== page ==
Julia – 58 – metaprogrammazione – 1

Continuo da qui, copio qui.

The strongest legacy of Lisp in the Julia language is its metaprogramming support. Like Lisp, Julia represents its own code as a data structure of the language itself. Since code is represented by objects that can be created and manipulated from within the language, it is possible for a program to transform and generate its own code. This allows sophisticated code generation without extra build steps, and also allows true Lisp-style macros operating at the level of abstract syntax trees. In contrast, preprocessor “macro” systems, like that of C and C++, perform textual manipulation and substitution before any actual parsing or interpretation occurs. Because all data types and code in Julia are represented by Julia data structures, powerful reflection capabilities are available to explore the internals of a program and its types just like any other data.

Rappresentazione del programma
Every Julia program starts life as a string:

What happens next?
The next step is to parse each string into an object called an expression, represented by the Julia type Expr:

Expr objects contain three parts:
1. a Symbol identifying the kind of expression. A symbol is an interned string identifier (more discussion below).

2. the expression arguments, which may be symbols, other expressions, or literal values:

3. finally, the expression result type, which may be annotated by the user or inferred by the compiler (and may be ignored completely for the purposes of this chapter):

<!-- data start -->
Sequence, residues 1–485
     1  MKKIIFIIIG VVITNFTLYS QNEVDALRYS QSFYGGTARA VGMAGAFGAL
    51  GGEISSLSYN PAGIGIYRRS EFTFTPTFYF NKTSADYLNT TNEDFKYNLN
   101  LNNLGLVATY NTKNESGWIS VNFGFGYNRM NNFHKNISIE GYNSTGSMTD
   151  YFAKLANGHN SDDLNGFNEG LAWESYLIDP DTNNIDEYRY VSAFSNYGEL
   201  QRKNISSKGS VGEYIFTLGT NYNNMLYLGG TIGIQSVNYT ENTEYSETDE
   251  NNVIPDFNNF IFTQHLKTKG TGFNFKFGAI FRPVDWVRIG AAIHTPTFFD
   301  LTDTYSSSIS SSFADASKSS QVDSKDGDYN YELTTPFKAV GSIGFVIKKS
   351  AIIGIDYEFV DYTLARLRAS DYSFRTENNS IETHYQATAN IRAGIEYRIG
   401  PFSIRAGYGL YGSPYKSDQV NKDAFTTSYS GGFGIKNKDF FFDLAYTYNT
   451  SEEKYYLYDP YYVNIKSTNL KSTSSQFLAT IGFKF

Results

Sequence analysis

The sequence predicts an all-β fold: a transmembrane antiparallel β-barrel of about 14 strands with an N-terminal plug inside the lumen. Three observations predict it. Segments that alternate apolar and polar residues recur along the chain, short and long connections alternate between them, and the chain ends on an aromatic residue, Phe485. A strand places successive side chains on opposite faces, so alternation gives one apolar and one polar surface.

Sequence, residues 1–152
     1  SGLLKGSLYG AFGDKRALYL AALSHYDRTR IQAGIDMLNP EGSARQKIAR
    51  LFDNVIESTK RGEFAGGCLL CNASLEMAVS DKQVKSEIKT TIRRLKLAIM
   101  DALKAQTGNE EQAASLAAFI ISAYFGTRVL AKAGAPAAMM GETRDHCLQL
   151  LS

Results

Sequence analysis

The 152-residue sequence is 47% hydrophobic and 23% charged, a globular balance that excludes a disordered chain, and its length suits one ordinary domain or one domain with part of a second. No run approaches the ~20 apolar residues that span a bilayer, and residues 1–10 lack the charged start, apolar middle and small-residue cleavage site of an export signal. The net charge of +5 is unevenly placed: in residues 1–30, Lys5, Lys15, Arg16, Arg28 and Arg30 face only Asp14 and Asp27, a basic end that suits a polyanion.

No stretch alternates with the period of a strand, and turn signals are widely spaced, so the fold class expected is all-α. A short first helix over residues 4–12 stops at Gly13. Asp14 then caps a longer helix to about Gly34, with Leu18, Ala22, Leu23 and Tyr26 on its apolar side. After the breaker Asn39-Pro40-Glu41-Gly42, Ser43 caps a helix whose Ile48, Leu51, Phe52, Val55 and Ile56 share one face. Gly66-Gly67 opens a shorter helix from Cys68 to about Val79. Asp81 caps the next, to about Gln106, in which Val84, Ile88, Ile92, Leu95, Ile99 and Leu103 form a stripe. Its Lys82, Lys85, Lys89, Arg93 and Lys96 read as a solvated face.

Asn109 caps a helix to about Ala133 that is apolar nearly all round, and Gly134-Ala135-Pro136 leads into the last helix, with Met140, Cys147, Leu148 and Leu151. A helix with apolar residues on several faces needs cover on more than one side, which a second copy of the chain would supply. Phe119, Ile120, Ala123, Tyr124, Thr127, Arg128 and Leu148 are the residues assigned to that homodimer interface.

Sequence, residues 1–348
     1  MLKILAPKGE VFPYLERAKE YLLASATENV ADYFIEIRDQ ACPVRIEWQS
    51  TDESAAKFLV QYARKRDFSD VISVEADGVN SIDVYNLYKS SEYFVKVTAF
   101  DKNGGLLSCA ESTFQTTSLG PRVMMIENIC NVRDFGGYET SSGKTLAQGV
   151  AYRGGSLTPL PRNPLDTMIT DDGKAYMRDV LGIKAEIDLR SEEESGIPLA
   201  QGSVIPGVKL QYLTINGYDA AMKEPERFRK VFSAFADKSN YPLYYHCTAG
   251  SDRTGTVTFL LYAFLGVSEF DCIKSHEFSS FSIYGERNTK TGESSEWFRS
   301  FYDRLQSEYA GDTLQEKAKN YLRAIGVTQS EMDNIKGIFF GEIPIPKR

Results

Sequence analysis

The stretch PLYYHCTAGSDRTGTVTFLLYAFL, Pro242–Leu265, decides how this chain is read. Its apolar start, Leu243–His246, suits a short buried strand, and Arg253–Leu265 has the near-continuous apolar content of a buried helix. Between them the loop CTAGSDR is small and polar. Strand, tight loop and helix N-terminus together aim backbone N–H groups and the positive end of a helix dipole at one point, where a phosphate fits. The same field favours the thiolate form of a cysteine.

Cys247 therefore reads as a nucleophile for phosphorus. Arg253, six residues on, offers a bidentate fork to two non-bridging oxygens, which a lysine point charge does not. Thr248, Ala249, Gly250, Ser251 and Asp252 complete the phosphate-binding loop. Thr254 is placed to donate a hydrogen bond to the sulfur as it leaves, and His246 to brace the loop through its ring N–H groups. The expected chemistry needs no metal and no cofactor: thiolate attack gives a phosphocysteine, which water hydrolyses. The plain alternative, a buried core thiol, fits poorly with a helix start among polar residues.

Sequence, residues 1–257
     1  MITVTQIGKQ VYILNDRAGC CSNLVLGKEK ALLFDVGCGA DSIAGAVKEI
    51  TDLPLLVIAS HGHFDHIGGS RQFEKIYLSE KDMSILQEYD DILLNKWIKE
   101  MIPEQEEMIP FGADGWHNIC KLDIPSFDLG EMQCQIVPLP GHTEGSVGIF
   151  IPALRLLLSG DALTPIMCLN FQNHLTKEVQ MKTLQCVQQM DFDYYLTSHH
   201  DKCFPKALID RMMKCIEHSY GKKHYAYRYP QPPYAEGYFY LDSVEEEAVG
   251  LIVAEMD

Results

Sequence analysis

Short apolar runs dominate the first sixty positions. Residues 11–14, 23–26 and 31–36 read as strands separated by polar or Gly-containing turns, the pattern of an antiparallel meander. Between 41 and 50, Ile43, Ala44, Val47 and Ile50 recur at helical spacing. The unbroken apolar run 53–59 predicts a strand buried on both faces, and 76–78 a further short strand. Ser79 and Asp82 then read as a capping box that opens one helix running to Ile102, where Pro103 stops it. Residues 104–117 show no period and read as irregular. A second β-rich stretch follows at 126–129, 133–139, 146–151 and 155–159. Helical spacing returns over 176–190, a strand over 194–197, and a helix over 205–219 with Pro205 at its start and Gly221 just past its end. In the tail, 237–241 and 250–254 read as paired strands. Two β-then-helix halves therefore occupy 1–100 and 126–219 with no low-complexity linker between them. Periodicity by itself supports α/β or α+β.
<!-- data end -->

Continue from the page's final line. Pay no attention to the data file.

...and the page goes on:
Expressions may also be constructed directly in prefix notation:

The two expressions constructed above – by parsing and by direct construction – are equivalent:

The key point here is that Julia code is internally represented as a data structure that is accessible from the language itself.

The dump() function provides indented and annotated display of Expr objects:

Expr objects may also be nested:

Another way to view expressions is with Meta.show_sexpr, which displays the S-expression form of a given Expr, which may look very familiar to users of Lisp. Here’s an example illustrating the display on a nested Expr:

The : character has two syntactic purposes in Julia. The first form creates a Symbol, an interned string used as one building-block of expressions:

The Symbol constructor takes any number of arguments and creates a new symbol by concatenating their string representations together:

In the context of an expression, symbols are used to indicate access to variables; when an expression is evaluated, a symbol is replaced with the value bound to that symbol in the appropriate scope.

Sometimes extra parentheses around the argument to : are needed to avoid ambiguity in parsing.:

Prossimamente l’uso di tutto questo 😊


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